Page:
Weather Stations of Kenai Fjords
Kenai Fjords National Park is a land shaped by ice and snow. Too little snow has as big an impact as too much. When your park is about 51% covered in glacial ice, that is a major concern.
To help both researchers and park managers understand the impact of weather and climate on the icefield, glaciers, and the connected ecosystems, several weather stations have been established. Working with the Natural Resources Conservation Service, a SNOTEL station has been set up at Exit Glacier. A second SNOTEL, at Nuka Glacier, is not operated by the Kenai Fjords, but is located just outside the park's boundary. Several Remote Automated Weather Stations (RAWS) have also been set up, in or near the park, as part of the Southwest Alaska Network of the park service's Inventory and Monitoring Program.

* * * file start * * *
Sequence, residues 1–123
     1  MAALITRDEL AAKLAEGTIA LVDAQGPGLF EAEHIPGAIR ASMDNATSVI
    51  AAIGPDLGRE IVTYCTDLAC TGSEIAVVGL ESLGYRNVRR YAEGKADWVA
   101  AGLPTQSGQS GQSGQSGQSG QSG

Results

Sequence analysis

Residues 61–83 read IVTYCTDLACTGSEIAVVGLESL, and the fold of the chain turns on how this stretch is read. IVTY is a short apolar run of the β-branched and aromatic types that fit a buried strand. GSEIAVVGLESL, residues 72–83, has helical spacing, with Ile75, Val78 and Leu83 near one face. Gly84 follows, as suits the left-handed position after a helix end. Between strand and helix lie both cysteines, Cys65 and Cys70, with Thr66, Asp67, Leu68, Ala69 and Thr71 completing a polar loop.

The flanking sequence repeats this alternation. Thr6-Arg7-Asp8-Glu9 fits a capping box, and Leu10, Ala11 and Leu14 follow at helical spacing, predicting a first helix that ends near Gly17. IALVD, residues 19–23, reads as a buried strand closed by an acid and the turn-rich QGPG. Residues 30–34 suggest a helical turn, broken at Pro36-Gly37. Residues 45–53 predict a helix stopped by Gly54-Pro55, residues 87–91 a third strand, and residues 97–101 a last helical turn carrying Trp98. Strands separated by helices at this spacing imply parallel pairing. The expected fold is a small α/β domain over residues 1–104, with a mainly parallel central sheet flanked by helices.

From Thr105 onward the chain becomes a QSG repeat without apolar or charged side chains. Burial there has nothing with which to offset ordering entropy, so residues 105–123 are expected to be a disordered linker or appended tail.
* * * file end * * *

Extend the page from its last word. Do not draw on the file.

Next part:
As the data of these stations are collected day after day, month after month, and year after year, we gain a deeper picture of the connections between life and the environment.
The following links will take you to the data that is being collected by the individual stations, allowing you to see, what the researchers are seeing.
Monthly Weather Summaries
Every month, data from the local weather stations are complied and assessed by the researchers of Kenai Fjords National Park.
Did You Know?
Snowfall on the Harding Icefield can exceed 100 feet each year. After 4-10 years of compression snow turns into glacial ice.